Thursday, December 22, 2016

KZDOOM7: The Power Plant (KZDOOM7.WAD)

by Kurt Kesler

Kurt Kesler made a bunch of maps. The vast majority of them were released as single entries but he eventually gathered up all of his vanilla levels into a collection - KMEGA. The others had names as befits their target ports: KBOOM for Boom, of course; KZDOOM for ZDoom; and KHILLS for... limit-removing? KZDoom7, internally titled as "The Power Plant", is his final solo ZDoom release and a MAP01 replacement for Doom II. There was a number eight in the works but the author did not finish it at the time he released k-maps in 2003. This isn't the last level by Kurt; he continued to work on two larger projects, Frenzy DM and Ni'mRoD - IXNAY on the HOMBRE, before Still Kickin' in 2005.

Kesler isn't big on presentation and offers zero context for this outing but the opening is one big long camera shot that previews a portion of the level up to the starting point. If he had anything to say I imagine it would be along the lines of how much he loves base-theme levels. Which is basically the nature of KZDOOM7, though like a lot of Kesler's tech installations there's a healthy bunch of outdoor areas to kick around in. It's been awhile since I'd played the rest of the KZDoom series (about a year and a half!) but one huge detail immediately caught my attention. At this point Kesler started messing about with slopes. While he doesn't go overboard, a little bit goes a long way to smoothing over the rocky, outdoor sections of the base and making the character of the interior a tad less stocky. There's also a bunch of polyobjects, mostly as the sliding doors that proliferate the level but add quite a bit of class, as well as large pieces of spinning machinery whose purpose seems anomalous.

Other advanced features include scripted spawns and the deep water with resulting color changes, also showed off in his penultimate Boom level, KBOOM11. The scripted stuff isn't crazy but results in an interesting aspect to the finale... which might easily be the nadir of the entire level. It's a three-Cyberdemon showdown that pretty much pushes the rocket launcher alone. Two of the Cyberdemons have triggers attached to them, one of which teleports in some new monsters, including a pair of Spiderdemons. That can work out pretty well in your favor provided you kill the right one and get your arachnomomma aides! My first try I killed two with the rocket launcher (sigh) and was quickly sliced to ribbons by concentrated super chaingun fire.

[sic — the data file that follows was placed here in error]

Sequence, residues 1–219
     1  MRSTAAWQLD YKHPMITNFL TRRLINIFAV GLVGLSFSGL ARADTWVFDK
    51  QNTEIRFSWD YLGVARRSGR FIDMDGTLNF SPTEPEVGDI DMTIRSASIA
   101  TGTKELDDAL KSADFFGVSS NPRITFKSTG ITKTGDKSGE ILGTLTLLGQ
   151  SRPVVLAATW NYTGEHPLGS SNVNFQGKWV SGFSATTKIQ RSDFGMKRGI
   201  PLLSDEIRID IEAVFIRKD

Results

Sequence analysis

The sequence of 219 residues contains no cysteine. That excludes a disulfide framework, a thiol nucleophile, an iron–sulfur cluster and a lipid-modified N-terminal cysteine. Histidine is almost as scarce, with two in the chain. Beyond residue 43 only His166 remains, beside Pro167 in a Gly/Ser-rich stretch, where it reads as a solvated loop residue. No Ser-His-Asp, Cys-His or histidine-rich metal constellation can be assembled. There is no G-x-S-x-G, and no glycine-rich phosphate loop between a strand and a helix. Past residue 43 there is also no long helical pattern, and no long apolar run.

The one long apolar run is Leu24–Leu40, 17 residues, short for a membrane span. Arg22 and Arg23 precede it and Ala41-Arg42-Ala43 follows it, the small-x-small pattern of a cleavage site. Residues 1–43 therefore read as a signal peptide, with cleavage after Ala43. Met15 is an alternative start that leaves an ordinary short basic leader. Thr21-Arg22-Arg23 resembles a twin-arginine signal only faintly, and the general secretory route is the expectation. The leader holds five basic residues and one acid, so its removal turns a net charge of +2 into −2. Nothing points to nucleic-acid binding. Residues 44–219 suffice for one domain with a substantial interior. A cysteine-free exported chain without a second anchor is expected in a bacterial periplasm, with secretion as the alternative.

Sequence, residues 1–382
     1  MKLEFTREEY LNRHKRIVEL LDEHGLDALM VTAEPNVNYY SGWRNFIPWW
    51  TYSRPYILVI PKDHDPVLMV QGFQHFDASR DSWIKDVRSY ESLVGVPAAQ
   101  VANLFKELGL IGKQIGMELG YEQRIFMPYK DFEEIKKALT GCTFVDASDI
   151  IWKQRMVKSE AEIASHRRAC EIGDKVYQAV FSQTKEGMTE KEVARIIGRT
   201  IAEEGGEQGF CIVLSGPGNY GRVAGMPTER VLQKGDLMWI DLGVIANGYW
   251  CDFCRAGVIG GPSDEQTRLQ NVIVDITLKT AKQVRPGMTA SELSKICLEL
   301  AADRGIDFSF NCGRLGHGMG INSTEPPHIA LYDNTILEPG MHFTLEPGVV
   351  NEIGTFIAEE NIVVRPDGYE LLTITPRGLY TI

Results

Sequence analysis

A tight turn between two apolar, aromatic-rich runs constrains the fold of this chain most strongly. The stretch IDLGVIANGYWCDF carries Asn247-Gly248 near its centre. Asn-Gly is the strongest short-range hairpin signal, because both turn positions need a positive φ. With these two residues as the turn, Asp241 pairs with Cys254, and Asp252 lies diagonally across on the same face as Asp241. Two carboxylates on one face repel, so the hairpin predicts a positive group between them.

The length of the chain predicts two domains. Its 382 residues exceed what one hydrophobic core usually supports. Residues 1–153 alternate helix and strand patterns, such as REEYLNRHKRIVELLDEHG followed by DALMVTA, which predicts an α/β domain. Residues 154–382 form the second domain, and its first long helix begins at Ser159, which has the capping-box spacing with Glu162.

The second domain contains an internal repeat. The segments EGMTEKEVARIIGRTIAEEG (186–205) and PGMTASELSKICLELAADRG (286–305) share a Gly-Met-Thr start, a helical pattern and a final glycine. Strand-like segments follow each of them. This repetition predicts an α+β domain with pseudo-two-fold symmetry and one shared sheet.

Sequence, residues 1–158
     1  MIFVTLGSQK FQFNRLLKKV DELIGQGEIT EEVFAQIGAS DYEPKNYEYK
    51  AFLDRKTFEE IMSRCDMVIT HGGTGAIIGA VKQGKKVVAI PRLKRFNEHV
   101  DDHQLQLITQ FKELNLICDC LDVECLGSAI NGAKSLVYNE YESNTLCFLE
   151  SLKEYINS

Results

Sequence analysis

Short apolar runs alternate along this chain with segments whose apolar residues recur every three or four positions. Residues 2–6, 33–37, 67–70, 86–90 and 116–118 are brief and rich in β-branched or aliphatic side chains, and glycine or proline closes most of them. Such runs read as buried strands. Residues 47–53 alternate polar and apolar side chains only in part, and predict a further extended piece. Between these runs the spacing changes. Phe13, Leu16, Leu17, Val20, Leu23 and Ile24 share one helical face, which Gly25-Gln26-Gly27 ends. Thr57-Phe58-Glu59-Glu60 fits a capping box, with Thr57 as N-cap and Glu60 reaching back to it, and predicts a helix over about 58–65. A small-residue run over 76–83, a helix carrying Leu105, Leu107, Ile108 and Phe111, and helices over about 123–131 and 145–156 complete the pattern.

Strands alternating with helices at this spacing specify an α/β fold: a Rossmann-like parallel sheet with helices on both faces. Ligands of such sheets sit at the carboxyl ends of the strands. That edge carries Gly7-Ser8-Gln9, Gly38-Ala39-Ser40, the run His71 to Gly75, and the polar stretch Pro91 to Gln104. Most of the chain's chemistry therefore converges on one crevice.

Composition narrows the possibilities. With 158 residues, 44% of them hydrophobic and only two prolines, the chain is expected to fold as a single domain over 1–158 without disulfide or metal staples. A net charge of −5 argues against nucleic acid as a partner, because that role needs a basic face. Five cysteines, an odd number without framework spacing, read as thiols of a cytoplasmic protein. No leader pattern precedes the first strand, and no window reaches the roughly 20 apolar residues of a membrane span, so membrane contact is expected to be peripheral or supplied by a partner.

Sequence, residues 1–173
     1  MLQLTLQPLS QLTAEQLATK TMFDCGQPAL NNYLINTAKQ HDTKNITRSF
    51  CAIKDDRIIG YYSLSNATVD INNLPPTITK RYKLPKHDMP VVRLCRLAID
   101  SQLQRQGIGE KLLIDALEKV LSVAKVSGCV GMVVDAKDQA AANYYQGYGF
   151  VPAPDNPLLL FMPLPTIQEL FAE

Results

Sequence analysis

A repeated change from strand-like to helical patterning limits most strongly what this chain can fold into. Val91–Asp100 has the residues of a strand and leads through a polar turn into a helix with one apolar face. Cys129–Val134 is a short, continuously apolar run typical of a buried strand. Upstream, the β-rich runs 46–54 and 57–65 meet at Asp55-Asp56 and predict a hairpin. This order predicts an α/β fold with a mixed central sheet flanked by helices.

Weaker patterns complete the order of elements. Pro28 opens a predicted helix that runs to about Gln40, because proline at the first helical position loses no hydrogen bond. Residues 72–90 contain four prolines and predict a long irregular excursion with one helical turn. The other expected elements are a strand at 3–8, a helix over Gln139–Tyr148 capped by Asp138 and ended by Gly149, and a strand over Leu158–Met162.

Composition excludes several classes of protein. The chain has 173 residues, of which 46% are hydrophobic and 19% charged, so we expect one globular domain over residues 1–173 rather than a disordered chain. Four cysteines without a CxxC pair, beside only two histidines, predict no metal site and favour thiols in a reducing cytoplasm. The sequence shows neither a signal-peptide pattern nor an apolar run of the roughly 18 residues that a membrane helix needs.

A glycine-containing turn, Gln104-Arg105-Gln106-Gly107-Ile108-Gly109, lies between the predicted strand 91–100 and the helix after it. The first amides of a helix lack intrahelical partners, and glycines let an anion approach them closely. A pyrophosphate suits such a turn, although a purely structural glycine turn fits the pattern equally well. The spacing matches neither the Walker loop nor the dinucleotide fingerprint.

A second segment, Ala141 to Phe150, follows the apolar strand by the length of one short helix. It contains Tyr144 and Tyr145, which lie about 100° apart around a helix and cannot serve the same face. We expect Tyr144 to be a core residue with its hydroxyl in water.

The action is what I'd expect from a Kesler map. It's heavily weighted toward the super shotgun in the beginning, afterward favoring the rocket launcher especially given the heavily drawn-out finale, but the author shies away from using bigger monsters when re-populating the relatively smaller areas. Kesler's go-to guys for those scripted teleport invasions are chaingunners. They're actually more annoying than anything since the prevalence of zombies inside the installation will leave you better prepared for them and less for the occasional revenant and Hell knight when they pop up. The southwestern generator room is one of my favorite fights since it has mancubuses and revenants and a sort of awkward track to run around in while you try to combat shotgun-joust. The final room, eh, not so much.

KZDoom7 is remarkable for showing what an "advanced" level could look like in the glorious year of 2001 while still remaining Doom to the core. Yeah, things only got crazier over the years (just look at Ed Cripp's stuff), but if you want a good idea of how to crowbar ZDoom features into a map and not look like you're just throwing spaghetti at the walls - spinning walltexture machinery notwithstanding - you could do a lot worse than using KZDoom7 as a template.

This article is part of a series on
Kurt Kesler's KZDoom series


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